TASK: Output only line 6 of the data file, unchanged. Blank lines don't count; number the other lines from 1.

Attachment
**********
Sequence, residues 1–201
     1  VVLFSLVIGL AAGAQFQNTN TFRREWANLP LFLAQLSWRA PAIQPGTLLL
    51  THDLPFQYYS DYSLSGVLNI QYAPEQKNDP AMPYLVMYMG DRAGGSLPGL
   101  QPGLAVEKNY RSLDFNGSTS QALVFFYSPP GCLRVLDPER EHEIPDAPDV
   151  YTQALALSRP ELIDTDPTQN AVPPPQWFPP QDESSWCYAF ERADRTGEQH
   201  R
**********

   201  R